Is Peak Oil a Fallacy?

Discussion in 'Economics' started by unretired, Jan 7, 2010.

Is Peak Oil a fallacy?

  1. Yes. Plain and simple

    18 vote(s)
  2. No.

    35 vote(s)
  3. Yes for many middle-eastern deposits but not the whole world.

    1 vote(s)
  4. Get real, it’s all about manipulating the market and making more money.

    1 vote(s)
  5. Just Big Lazy Money; effing the little guy. There are 500+ years of untapped Peak Oil resources let

    2 vote(s)
  6. All ... or 3+ out of 5 above.

    4 vote(s)
  7. There is not enough information to say.

    5 vote(s)
  8. Hell-if-I-know

    6 vote(s)
  1. As I understand it, with all current reserves on the books prior to the two massive oil fields recently discovered and not counting massive untapped deposits in several places in the world and America ... especially Alaska ...

    Peak oil is real as it demonstrates greater costs to extract remaining oil which will continue production declines.

    My concern is that there are many massive untapped reserves that are bursting at the seems that are not being capitalized on as of yet and there are two massive reserves recently discovered and additional undiscovered reserves that make past calculations on known production only estimates.

    The new data is available but their isn't a new model with new estimates just more mention and pressure to adhere to the old model and data.

    Using an outdated model with outdated and incomplete and absent data fields just doesn't work for me.
  2. achilles28


    Energy Companies have a vested interest in keeping the idea of Peak Oil, alive and well.

    The belief in Peak Oil keeps a solid bid under the price of Oil.

    All the data used to ascertain how much oil is left, relative to new discoveries, is made available by Oil Companies.

    It's very possible that Oil Companies have distorted, hid or lied about the reported data in order to make Peak Oil seem very real.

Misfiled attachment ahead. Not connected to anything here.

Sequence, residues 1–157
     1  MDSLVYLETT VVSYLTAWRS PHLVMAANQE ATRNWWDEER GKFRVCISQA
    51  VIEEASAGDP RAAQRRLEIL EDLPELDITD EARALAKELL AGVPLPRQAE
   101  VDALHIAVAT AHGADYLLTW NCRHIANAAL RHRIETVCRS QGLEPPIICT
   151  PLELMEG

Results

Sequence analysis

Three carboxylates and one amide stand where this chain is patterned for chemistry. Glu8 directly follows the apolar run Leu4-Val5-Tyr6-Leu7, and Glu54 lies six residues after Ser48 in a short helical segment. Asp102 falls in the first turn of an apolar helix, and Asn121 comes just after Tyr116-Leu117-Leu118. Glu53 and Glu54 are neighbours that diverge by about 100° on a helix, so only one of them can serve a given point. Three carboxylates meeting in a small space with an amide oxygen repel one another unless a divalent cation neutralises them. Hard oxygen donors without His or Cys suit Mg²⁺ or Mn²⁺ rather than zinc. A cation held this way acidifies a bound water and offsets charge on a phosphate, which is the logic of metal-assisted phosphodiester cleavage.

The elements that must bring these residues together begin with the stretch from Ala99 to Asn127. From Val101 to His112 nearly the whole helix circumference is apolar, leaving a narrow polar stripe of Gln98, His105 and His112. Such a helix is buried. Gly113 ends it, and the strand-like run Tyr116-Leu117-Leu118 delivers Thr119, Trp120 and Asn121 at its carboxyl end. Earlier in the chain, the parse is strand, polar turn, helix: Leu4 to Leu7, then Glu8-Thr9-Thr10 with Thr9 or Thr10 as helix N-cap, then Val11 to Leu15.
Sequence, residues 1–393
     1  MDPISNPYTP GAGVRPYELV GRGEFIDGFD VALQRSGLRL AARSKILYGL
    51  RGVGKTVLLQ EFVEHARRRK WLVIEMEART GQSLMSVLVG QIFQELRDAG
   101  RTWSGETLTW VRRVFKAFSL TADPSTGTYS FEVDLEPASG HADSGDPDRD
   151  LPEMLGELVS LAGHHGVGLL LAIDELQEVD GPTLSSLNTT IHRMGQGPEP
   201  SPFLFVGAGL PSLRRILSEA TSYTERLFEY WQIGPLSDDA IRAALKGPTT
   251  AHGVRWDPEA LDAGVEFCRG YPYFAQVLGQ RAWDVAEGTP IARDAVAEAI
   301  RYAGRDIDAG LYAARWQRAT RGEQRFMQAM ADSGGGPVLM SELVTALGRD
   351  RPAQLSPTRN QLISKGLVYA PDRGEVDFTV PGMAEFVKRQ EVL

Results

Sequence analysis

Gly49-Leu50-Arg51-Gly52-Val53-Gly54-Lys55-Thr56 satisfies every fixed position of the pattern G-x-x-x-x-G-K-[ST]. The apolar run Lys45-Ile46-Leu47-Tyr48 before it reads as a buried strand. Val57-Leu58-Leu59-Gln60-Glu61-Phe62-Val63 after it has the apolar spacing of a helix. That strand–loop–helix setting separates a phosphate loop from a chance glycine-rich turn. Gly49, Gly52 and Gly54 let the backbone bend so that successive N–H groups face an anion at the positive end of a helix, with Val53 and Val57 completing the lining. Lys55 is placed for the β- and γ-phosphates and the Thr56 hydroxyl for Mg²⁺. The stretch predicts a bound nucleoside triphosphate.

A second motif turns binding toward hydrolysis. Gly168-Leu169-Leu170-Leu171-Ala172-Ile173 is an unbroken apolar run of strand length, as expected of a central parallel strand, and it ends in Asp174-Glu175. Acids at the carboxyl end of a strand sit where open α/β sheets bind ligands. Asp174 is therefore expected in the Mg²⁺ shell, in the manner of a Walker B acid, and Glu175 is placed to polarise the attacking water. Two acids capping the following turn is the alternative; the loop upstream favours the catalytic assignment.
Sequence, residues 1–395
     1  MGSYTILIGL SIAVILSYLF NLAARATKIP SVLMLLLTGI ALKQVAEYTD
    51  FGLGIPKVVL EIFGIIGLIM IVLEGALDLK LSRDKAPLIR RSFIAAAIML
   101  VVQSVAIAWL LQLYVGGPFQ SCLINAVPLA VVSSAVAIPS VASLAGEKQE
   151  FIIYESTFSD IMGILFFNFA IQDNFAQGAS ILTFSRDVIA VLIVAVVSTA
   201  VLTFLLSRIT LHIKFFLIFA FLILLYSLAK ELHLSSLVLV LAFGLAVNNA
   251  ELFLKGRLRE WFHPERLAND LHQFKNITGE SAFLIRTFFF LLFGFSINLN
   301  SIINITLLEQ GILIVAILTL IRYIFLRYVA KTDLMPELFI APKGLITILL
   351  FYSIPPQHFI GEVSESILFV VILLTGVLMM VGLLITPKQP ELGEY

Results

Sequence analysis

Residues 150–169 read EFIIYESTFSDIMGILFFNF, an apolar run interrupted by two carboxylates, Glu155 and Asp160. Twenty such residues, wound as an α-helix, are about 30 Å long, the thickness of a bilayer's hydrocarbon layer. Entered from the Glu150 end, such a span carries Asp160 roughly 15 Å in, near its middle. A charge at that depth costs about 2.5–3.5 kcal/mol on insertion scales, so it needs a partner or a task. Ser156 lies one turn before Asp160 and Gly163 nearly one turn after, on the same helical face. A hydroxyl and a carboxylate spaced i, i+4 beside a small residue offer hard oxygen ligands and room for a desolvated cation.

Climategate is a perfect example.

    Interestingly, Oil has geological (aboitic origins) - heat, pressure and elements in the earths crust creates oil.

    As an extension, out of just the tiny sample of planetoids man has explored, astoundingly, a few are reported to hold vast sea's of hydrocarbons (methane) !!

    No dinosaurs there.
  3. Peak oil is not only a fallacy, it is a fantasy.

    Global warming? same thing.

    OPEC? convenient bogeyman for the dullards

    911? laugh.

    AQ? Laugh louder

    Islmaofasicm with sticks and stones? It's actually christian fascists right here that are the enemy.

    Find the complete list of Skull & Bones members inside the CIA and eliminate them all.

    You'll have done the nation a great service.
  4. Peak oil is certainly real. Peak oil is the year of maximum extraction of crude oil, and we are close to it. Think of it as a maximum flow as opposed to inventory.

    This does not mean that the reserves are depleted. There is lots of unconventional oil that still can be tapped. This includes deep water reserves and oil sands. However cost of extraction of unconventional reserves is considerably higher than for conventional reserves, so do not expect crude prices to retrace to their levels ten years ago. Also the environmental cost of extracting crude from oil sands is extremely high, both in terms of destruction of ecosystems as in terms of carbon dioxide emissions. The energy balance is quite bad, as you need to reinvest part of the energy extracted to perform the extraction. Reminds me all this biofuels business (grow crops by using diesel oil, transform this to FAME by using methanol, get your subsidies and sell it, do not ask any questions about the ratio of energy returned to energy used).